U.N. agency says Italy mistreated migrants
* UNHCR cites alleged force used by Italian authorities
* Says many of those sent to Libya need protection
* Italy rejects accsations as false, demands apology
(Adds Italian reaction)
GENEVA, July 14 (Reuters) - The United Nations' refugee agency accused Italy on Tuesday of mistreating African migrants who were stopped from crossing the sea to Europe and diverted to Libya.
Italy rejected the accusations as false and demanded an apology.
UNHCR officials who interviewed 82 migrants intercepted on the high seas on July 1 and sent to detention camps in Libya found that a "significant number from this group are in need of international protection".
Under Italian measures in place since May, at least 900 would-be migrants trying to reach Italy by sea have been sent to other countries, mainly to Libya, according to the office of the United Nations High Commissioner for Refugees.
The Geneva-based agency has repeatedly voiced concern at Italy's new "push-back" policy which it says can prevent access to asylum procedures and undermines international law.
The Italian navy made no attempt to establish the nationalities of the migrants, most of whom were Eritrean, or their reasons for fleeing their homelands, the UNHCR said.
"During interviews, UNHCR heard disturbing accounts alleging that force was used by Italian personnel during the transfer to the Libyan vessel," spokesman Ron Redmond told reporters, saying six Eritreans reportedly needed medical attention as a result.
Italy's European Affairs Minister Andrea Ronchi said the UNHCR "should be ashamed of itself" and should "apologise to Italy."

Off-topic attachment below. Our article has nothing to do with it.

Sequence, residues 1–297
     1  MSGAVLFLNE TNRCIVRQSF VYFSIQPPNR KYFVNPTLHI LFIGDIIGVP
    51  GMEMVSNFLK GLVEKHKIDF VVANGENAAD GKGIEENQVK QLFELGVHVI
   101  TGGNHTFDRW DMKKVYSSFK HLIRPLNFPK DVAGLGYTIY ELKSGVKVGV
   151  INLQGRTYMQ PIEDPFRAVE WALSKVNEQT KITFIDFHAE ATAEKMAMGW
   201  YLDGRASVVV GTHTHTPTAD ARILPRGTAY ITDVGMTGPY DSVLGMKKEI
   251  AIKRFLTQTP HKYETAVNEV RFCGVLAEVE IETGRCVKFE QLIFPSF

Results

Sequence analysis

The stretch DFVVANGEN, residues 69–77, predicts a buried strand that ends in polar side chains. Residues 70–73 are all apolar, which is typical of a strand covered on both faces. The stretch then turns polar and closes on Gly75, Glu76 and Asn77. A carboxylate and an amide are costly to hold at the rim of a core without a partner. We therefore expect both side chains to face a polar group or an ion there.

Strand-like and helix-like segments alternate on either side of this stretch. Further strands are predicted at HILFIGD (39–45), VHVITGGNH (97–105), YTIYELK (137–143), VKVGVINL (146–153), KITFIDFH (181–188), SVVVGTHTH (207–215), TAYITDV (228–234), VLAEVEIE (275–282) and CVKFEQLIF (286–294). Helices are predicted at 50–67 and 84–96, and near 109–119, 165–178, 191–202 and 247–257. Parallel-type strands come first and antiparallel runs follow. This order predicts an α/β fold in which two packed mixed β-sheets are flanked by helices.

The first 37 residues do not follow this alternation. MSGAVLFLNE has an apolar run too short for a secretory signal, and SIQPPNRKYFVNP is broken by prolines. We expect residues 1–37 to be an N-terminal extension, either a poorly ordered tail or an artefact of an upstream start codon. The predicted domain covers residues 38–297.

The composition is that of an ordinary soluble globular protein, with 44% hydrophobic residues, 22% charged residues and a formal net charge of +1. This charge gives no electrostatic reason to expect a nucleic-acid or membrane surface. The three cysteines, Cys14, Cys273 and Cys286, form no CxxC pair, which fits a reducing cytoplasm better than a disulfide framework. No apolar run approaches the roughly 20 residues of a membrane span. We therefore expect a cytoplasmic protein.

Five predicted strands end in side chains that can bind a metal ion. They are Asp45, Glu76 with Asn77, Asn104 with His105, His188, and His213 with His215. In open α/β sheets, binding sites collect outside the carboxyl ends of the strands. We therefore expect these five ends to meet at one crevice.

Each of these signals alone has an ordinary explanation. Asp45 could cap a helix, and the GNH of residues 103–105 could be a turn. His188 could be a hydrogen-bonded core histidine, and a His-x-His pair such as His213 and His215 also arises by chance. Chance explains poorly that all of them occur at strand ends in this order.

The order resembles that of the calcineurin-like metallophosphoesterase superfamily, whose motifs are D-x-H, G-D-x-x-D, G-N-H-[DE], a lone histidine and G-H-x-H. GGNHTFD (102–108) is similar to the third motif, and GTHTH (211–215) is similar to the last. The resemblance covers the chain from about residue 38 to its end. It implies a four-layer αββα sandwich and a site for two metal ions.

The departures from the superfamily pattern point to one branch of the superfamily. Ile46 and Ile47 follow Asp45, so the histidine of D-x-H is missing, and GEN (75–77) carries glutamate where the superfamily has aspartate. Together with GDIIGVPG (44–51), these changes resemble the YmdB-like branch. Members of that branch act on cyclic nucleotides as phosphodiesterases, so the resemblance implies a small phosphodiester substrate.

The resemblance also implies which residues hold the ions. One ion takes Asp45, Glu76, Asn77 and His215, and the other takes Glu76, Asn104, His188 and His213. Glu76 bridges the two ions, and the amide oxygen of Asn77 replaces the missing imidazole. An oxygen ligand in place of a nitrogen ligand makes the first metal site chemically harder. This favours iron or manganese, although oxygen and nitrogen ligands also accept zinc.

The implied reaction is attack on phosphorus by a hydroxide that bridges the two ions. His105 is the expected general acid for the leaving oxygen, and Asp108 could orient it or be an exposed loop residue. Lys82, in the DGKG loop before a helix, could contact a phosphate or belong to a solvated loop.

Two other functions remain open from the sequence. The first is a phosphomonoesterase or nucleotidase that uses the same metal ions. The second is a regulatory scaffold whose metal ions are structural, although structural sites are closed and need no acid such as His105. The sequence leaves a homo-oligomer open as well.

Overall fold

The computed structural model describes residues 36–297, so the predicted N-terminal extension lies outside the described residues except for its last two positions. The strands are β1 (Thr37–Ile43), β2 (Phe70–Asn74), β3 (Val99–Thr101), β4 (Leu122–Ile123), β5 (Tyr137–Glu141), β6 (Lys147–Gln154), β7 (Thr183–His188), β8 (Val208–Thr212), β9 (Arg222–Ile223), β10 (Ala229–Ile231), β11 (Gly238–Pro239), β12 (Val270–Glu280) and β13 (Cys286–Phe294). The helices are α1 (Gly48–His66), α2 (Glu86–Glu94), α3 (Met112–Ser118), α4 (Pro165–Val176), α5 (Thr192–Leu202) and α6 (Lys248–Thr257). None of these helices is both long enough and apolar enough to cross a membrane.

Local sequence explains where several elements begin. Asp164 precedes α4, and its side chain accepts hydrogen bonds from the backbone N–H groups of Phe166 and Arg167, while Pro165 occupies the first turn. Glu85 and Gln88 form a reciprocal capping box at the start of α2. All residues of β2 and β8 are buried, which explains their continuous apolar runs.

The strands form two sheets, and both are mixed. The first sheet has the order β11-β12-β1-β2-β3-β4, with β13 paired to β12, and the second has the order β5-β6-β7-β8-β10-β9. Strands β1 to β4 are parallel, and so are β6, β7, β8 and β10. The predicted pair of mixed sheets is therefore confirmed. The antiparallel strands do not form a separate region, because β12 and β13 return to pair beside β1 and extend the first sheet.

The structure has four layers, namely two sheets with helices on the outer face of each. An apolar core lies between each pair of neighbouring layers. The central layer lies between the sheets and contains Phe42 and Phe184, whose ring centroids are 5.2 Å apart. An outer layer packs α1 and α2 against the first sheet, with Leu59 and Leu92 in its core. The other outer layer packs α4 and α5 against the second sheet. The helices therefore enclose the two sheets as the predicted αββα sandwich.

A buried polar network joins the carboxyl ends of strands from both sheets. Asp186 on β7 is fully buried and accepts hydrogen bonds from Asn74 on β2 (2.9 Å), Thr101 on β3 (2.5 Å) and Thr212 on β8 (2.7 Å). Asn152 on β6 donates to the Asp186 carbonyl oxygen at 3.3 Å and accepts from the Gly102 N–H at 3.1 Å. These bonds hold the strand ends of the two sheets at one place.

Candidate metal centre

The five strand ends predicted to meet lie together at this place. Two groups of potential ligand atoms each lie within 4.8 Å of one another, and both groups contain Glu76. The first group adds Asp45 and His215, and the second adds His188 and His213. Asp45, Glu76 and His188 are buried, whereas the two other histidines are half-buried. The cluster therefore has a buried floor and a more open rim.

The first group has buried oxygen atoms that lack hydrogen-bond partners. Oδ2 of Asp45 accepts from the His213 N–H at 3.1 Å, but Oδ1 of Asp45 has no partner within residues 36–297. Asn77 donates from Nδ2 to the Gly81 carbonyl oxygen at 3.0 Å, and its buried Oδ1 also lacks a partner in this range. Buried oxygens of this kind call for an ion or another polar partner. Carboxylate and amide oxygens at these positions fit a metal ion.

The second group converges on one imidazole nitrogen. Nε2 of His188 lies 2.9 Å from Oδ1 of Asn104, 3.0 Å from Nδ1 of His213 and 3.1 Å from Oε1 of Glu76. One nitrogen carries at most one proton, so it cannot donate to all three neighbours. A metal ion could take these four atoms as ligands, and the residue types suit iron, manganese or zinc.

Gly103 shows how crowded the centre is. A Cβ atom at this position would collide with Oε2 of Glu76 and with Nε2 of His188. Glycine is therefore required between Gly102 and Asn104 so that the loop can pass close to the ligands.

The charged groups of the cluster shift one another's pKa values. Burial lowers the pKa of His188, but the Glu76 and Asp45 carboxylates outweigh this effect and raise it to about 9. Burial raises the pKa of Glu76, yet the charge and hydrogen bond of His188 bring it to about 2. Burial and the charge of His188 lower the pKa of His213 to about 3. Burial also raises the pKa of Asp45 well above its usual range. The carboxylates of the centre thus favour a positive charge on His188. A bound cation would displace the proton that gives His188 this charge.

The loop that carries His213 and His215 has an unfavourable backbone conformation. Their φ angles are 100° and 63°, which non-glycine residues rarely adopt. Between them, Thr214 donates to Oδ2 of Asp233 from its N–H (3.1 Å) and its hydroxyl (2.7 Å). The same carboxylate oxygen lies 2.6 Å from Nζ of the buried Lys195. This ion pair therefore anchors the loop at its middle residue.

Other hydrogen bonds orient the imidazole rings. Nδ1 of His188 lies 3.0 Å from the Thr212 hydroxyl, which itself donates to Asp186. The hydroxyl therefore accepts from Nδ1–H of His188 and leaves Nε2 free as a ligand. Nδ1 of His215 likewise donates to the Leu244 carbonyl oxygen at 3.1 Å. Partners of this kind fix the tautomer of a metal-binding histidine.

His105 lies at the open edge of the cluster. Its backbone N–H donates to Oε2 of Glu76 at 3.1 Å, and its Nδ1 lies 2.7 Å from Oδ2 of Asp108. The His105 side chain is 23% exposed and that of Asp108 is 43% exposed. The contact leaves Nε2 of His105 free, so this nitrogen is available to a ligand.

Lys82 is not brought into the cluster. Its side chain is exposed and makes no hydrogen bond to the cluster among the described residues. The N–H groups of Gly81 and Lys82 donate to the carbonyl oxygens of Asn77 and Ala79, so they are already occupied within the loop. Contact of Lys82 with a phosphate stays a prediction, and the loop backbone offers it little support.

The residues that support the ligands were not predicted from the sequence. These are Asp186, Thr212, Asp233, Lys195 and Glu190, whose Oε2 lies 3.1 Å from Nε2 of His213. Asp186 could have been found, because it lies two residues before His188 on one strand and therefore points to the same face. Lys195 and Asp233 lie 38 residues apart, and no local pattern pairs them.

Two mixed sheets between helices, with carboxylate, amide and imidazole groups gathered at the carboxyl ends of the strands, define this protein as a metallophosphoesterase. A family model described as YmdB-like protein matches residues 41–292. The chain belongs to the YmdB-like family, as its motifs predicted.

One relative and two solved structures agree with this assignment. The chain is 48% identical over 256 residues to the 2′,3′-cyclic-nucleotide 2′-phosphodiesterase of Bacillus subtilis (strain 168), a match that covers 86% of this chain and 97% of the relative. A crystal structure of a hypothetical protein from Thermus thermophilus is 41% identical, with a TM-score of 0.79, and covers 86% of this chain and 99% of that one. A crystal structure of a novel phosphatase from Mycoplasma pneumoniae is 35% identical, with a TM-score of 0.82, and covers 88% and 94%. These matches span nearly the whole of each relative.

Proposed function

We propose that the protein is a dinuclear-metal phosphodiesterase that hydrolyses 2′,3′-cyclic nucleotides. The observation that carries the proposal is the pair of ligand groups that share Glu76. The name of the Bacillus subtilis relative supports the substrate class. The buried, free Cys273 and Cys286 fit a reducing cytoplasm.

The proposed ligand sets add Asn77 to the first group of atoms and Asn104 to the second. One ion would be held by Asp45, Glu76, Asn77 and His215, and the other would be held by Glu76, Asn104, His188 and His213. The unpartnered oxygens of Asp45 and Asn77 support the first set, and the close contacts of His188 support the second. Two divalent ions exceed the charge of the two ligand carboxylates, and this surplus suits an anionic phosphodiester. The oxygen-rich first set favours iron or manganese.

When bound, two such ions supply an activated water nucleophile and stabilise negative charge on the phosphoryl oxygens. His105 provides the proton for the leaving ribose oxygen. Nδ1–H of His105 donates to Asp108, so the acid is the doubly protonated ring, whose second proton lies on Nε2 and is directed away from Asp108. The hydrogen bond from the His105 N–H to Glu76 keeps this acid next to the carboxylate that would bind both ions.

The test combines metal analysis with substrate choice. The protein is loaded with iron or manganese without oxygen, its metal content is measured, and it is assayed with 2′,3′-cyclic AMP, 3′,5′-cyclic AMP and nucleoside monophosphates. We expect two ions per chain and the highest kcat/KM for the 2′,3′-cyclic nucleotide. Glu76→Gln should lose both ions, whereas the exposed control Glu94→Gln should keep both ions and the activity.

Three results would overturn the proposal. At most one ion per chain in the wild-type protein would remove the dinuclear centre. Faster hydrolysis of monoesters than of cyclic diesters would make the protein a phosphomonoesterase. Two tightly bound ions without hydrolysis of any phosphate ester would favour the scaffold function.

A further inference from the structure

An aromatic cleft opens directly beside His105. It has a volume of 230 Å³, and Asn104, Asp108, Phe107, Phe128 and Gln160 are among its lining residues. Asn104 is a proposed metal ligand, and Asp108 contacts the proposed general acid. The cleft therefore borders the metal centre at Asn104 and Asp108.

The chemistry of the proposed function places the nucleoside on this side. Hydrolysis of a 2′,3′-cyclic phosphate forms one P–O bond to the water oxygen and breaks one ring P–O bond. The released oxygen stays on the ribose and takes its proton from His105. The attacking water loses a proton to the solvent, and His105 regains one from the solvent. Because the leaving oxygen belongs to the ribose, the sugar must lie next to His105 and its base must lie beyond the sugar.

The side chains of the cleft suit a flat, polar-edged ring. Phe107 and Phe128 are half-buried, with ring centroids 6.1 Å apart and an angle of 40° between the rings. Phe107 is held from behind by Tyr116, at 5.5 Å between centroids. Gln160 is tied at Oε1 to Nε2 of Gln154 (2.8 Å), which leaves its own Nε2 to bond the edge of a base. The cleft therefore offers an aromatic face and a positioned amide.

Ronchi said he had read a letter the UNHCR had released and was shocked that the agency had not asked Italy for its version of events.
"These accusations are rash, false, demagogic, offensive and repugnant and they offend our armed forces who every day around the world demonstrate their morality, dedication, humanity, competence and sacrifice," he said.
The UNHCR said the Italian navy did not offer any food during the 12-hour trip to return them to Libya and seized some vital documents, he told a news briefing, citing the migrants' accounts.
"In view of the seriousness of these allegations, UNHCR has sent a letter to the Italian government requesting information on the treatment of people returned to Libya and asking that international norms be respected," Redmond said.
Sandro Gozi, lower house whip of the opposition Democratic Party, said the government of Prime Minister Silvio Berlusconi should address parliament on the accusations.
The government, which has cracked down on illegal immigration since coming to power last year, has insisted that Italy is not breaking international law with its deportation policy. (Additional reporting by Philip Pullella in Rome)
(Reporting by Stephanie Nebehay; Editing by Richard Balmforth)